The Jewish people observed that by rite, by ritual, by ceremony, as it here is in the Bible [Leviticus 16:1-34], until the great reality came in Christ. Then they had no officiating, sacrificing high priest. They had no holy place. They had no altar. They will never have until our Lord Jesus comes again and they receive Him as the expiation and the sacrifice and atonement for their own sins also. But the institution of this atonement is forever for without it no man can ever see God. In the seventh month, on the tenth day of the month, every year [Leviticus 16:29], for, as the author says: "The blood of bulls and of goats could not forgive sin" [Hebrews 10:4]. It was a type, and it had to be repeated because, in itself, it had no power of forgiveness [Hebrews 10:1-4]. So every year, on the seventh month, on the tenth day of that month [Leviticus 16:29], they were to afflict their souls [Leviticus 16:31]. That is, they were to look upon that expiation in contrition and in confession, in sorrow, and in tears.
So with God’s people today, we are to look upon the sacrifice of Christ in sorrow that we should have pressed upon His brow the crown of thorns and that our sins should have nailed Him to the tree [Isaiah 53:5; 1 Peter 2:24]. And in all solemnity, we are to observe the memorial of the breaking of bread and the drinking of the cup because it sets before our very eyes the sorrows and wounds and death of our Lord [1 Corinthians 11:23-30]. "Ye shall afflict your souls and on that day, ye shall do no work at all. It shall be a Sabbath of rest unto you" [from Leviticus 16:29-31].
Now, in the ritual of the Day of Atonement, we are told in the sixteenth chapter of the Book of Exodus that:
There shall no man enter in the tabernacle of the congregation –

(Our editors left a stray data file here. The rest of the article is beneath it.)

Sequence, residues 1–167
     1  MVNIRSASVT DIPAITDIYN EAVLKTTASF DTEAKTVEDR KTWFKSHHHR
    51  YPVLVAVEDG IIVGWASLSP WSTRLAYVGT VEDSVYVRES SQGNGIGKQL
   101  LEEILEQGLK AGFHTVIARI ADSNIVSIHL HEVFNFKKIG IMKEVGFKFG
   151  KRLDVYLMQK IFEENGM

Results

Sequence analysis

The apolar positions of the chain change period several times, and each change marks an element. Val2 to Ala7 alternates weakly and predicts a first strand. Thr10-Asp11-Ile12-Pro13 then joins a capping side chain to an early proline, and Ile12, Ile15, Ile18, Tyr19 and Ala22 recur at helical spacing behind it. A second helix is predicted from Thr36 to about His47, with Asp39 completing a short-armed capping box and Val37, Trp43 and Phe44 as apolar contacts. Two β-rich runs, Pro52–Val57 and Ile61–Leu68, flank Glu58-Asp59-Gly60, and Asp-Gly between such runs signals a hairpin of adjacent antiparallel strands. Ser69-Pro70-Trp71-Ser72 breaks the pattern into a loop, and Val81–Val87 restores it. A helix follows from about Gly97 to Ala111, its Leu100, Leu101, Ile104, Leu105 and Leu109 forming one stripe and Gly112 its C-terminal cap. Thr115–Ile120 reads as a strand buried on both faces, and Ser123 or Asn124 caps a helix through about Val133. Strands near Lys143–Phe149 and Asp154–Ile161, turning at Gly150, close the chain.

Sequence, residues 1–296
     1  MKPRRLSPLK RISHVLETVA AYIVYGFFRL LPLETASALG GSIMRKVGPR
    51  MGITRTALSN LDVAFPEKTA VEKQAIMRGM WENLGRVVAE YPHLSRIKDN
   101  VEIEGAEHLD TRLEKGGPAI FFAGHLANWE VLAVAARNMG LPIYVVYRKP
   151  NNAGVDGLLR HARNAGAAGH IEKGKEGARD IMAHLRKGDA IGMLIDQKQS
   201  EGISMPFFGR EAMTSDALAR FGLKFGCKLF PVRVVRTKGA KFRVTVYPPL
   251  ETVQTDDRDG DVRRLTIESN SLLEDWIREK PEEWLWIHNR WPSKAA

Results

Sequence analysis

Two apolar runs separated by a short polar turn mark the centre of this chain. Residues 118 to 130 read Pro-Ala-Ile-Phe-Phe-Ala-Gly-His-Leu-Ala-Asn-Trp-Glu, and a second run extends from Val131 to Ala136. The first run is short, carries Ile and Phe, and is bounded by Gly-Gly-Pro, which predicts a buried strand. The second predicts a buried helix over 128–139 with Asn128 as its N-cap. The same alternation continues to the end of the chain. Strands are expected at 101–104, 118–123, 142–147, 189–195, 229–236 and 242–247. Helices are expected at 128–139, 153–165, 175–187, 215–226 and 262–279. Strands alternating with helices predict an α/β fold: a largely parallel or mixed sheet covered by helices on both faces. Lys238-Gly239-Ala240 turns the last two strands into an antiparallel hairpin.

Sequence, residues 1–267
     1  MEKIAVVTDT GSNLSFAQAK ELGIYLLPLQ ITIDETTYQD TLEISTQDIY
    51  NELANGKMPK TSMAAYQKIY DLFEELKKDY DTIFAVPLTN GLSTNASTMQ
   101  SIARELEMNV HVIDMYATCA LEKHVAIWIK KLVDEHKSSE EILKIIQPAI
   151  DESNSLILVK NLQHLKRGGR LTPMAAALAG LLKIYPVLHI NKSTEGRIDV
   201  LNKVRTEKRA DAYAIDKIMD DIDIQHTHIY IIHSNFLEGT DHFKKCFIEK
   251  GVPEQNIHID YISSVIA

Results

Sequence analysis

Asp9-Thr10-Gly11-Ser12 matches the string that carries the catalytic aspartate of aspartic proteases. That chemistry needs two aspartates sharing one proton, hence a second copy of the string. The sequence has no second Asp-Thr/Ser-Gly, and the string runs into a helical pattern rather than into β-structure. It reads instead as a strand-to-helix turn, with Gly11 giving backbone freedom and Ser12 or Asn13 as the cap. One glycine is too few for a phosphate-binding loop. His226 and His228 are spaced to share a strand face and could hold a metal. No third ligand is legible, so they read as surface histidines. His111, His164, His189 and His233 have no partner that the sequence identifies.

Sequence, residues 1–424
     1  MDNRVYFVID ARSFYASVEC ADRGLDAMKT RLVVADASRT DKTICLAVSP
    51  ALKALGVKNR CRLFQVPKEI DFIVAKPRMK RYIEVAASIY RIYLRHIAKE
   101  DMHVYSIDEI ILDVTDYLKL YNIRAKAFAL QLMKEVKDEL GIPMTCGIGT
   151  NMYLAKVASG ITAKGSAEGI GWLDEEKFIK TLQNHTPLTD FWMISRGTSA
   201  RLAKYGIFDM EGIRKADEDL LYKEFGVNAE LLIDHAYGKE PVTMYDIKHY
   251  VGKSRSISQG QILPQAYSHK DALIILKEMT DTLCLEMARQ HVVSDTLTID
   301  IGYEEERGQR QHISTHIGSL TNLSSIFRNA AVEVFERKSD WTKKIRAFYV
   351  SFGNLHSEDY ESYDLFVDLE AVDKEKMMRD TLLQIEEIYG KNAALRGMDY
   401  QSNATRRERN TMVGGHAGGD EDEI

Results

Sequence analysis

except Aaron, the high priest –
when he goeth to make an atonement in the Holy Place,
and until he come out and have made an atonement for himself, for his household, and for all the congregation of Israel.
On every day, that tabernacle was alive. It was teeming with officiating priests and Levites. There were many, many ordinances to observe, many sacrifices made, many things to be done. But on the Day of Atonement, every priest and every Levite was to be outside and away, and the high priest alone entered into the presence of God to make atonement for the sins of the people.
There are priests many. There are priests now that say they are priests, many, but there is only one great Priest and there is only One that can make atonement for our sins who can mediate between us who are lost and the great God in heaven who cannot bear or endure to look upon evil [1 Timothy 2:5; Hebrews 4:14; Habakkuk 1:13].
Alone, into the tabernacle on the Day of Atonement, went Aaron to perform all of the offices of that day [Leviticus 16:17; Hebrews 9:7]. If there was a lamp to be lighted, he must light it. If there was bread to be changed on the table of the shewbread, he must change it. If there is a victim to be slain, he must slay it. If there is blood to be brought before God, he must bring it. If there are sacrificial fires to be kindled, he must kindle them. If there is a censer of prayer and fragrance of frankincense to be offered unto God, he must offer it. All of the offices that day were to be done by that one great high priest.
That was sent to us of God that we might understand that it is Christ alone who mediates our salvation and in whose name we have forgiveness of sins [Acts 4:12]. He trod the wine press of the wrath of God alone [Isaiah 62:2-3]. No other could do it for us. He entered into the Holy of Holies with blood of expiation, His own [Hebrews 9:11-12]. No other could offer it. Our Savior met deity that day. He entered into the kingdom of darkness His own self, in His own body bear our sins on the tree [1 Peter 2:24], and no human eye and no human voice and no human presence when the High Priest met God on the Day of Atonement.
And it is impossible for us to enter into that mysterious darkness when Jesus poured out His life unto death. And when the representative of our sinful race met deity, an atonement was made for the sins of the whole family of Adam [1 John 2:2]. No man was there in the Day of Atonement when the high priest poured out the blood in the Holy of Holies unto God, and no human eye and no human heart and no human mind will ever be able to enter into the mystery of that expiation when Jesus poured out His life unto death and made atonement for our sins." There shall be no man in the tabernacle when he goeth in to make atonement for the people" [from Leviticus 16:17].